Finally, finally the heat broke last week, and no longer do I sweat just sitting at my desk and typing. A good feeling! In fact, today is chilly enough so that I actually have on a sweater as I sit and work. And we have had a few glorious August days, typical for Maine but getting rarer as the climate changes: Hot, sunny, and dry during the day—about 80°F—and deliciously cool enough at night so that blankets are needed.
One night, as I lay in bed with the windows open—I leave them open until it becomes too cold to do so—I listened to the song of the crickets, high, sweet, and sad. I heard the hoot of a barred owl. No cars drove by. Next door, no little boy tooted on his horn. No work across the street on a garage being built. Only the symphony of animals and insects, free from the noise of humans.
We humans have such a way of intruding. You might even call us invasive, and we have the gall of criticizing other species that seem to take up too much space, too many resources. But who are we to wag the finger as we burn through Earth’s resources?
I thought of this the other day when we went to our local Cumby’s, to get air for our car’s tires. As I sat and waited for Clif to fill the tires, I noticed an unlikely strip of beauty, wedged between the gas station and the road, with a Rite Aid on the other side. Luckily I had my camera with me.
This spot is a wet area, in its glory right now, and from this picture, you’d never guess how small and cramped it is. But here is an opportunity, and nature filled in. No doubt water creatures live there, too, caught between the parking lot and the road.
You have probably also noticed the purple loosestrife, which has been dubbed invasive, and I guess it is. But despite its name—did Dickens come up with it?—and spreading ways, it is a lovely flower that attracts lots of pollinators. Even though purple loosestrife is the bane of naturalists, I have sympathy for this plant that, along with with goldenrod and cattails, can bloom in a wet spot surrounded by asphalt and traffic.
One day, I wonder, will we be grateful for this tough beauty that has the ability to thrive in such a cramped area?
Who knows? But here in Winthrop, Maine, purple loosestrife has at least one admirer.
The other day, with a few containers in our bag, we made a trip to the Gardiner Co-op to check out their bulk food section. We wanted to see how easy it would be to use our own containers. We considered this a scouting trip and only brought a couple of containers.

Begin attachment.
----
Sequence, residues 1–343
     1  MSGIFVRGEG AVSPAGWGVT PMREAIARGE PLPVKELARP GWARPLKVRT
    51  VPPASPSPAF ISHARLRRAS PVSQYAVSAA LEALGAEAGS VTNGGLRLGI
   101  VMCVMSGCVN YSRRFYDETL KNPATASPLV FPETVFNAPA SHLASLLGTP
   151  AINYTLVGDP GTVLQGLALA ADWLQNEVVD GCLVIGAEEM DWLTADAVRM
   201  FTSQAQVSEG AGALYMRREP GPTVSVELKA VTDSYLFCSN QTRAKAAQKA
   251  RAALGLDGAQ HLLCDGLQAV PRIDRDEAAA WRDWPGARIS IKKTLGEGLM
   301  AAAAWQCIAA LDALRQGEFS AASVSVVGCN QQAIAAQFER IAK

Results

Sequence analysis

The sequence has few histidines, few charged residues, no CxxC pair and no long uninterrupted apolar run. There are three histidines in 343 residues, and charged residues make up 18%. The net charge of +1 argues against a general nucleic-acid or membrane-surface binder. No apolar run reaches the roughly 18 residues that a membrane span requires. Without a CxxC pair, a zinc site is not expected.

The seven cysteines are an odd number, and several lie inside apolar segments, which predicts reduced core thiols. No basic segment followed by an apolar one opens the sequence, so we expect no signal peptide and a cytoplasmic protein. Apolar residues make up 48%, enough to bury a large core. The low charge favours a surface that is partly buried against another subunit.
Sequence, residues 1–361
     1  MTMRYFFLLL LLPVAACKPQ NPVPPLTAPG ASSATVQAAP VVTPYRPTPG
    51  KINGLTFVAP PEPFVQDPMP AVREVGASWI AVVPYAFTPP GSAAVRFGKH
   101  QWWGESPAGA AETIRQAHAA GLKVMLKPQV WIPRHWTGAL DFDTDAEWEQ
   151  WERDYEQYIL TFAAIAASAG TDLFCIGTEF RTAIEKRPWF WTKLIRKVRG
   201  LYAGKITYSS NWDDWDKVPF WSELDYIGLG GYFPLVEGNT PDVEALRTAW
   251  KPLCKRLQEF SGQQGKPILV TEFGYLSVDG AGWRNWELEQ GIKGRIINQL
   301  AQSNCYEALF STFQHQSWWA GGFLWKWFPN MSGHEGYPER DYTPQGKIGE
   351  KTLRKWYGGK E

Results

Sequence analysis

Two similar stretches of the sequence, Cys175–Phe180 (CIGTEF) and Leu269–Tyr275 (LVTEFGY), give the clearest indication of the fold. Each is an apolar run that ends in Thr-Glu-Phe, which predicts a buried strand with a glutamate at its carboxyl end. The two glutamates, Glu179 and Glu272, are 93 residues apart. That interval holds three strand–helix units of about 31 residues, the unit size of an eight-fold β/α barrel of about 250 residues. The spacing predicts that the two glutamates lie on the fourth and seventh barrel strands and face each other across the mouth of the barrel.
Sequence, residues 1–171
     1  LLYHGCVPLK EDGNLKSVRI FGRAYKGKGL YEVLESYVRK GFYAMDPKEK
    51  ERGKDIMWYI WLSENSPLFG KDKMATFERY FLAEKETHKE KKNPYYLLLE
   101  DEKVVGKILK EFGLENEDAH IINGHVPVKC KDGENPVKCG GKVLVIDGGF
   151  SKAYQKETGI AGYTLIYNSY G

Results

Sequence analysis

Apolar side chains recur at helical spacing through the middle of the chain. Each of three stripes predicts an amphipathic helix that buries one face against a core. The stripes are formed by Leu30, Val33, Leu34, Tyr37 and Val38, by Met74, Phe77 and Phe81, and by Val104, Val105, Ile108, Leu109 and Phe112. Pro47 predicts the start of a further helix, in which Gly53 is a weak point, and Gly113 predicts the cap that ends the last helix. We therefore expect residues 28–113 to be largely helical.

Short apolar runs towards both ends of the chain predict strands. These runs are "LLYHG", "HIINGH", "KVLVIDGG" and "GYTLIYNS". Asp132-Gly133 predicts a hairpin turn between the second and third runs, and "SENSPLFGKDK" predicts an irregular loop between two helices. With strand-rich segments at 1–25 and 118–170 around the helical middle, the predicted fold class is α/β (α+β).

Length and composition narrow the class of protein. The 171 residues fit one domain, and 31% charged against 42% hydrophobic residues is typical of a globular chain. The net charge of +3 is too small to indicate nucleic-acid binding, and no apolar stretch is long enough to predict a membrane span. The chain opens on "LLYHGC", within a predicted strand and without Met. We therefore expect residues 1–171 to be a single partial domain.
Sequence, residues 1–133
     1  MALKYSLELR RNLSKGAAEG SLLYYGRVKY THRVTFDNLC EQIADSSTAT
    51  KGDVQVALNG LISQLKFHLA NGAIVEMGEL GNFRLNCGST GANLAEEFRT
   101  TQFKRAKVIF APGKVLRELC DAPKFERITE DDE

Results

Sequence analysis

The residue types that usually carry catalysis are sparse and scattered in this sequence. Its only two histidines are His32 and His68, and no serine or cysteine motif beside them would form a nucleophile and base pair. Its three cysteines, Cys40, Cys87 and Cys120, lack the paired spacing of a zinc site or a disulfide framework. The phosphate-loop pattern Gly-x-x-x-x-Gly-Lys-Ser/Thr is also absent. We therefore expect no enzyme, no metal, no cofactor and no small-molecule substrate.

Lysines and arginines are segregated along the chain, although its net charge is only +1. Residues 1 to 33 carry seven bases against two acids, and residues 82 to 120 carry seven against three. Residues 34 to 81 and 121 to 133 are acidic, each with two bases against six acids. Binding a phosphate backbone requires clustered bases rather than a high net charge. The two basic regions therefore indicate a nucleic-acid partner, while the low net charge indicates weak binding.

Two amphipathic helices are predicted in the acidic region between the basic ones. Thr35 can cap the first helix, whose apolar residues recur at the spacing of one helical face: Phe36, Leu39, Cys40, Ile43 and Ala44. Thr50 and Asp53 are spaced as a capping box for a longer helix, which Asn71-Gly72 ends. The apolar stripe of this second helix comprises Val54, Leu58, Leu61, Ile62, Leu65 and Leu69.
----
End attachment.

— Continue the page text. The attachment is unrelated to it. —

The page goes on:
We found that the Co-op has a small but practical bulk food section, with items such as rice, beans, and lentils, among other things. These are staples in our house, and we eat them, in one form or another, every week.
We needed chickpeas and black beans, and the clerk cheerfully weighed our empty containers before we filled them. We didn’t feel at all odd or as though we were asking him to do something that was an imposition. In fact, he acted as though it were a normal request. So all in all, we felt bringing our own containers was a smashing success, and we will definitely return to the Co-op. Here is what we came home with.
The big container with the black beans once held peanuts. (Yes, we do love peanuts.) As it turns out, this container is the perfect size for getting bulk food out from the bins without spilling anything on the floor. The jar that we used for chickpeas was a little too small, although Clif did avoid any spillage.
Although the peanut container is made of plastic, it is sturdy and fits easily in our cupboards. For now, at least, we will continue to buy peanuts in that packaging as we will be reusing the containers for bulk purchases. When we have enough of those containers, we will have to reassess how we buy peanuts.
A day after we went to the Gardiner Co-op, we went to our local Hannaford grocery store to find out about their bulk food. Their selection is not as practical as the Co-op’s and runs more toward treats—chocolate-covered peanuts, granola, and sesame sticks, to name a few.
However, I am a person who, ahem, loves treats, and let’s just say that of all the food that comes in wasteful, non-recyclable packaging, treats are at the top of the list. So I am totally into bulk treats.
But there was a bit of a snag at Hannaford. When I asked a clerk whether it was all right to bring in our own containers for bulk food, he hesitated before saying, “Yes, but we don’t weigh the packaging.” This means that you have to pay for the cost of the containers when the food is weighed. H-m-m-m, I’ll have to think more about that one.
Finally, on a different but related subject, here is something that should go into the Green Hall of Fame. After going to the Gardiner Co-op, we met our friends Alice and Joel at a local Mexican Restaurant. They always order enough so that there is food leftover for a meal at home. And here is what they do.
They bring their own containers from home, including the cardboard ones for the condiments. And Alice assured me that she finds plenty of ways to use the little condiment containers.
Do we have awesome friends, or what?
The world is in transition—either burning or flooding. This summer has been especially bad in too many places. Clif and I have decided to take action in our own small way. Being two green beans for a long time, we have always aimed to live lightly, and by American standards, we have a modest lifestyle. For many years, we have been a one-car family, very unusual in this country. We limit our driving. We don’t fly. We recycle. We don’t use plastic straws, at least not most of the time.
But that’s the low-hanging fruit.
To continue with the metaphor, the higher up you go, the harder it gets.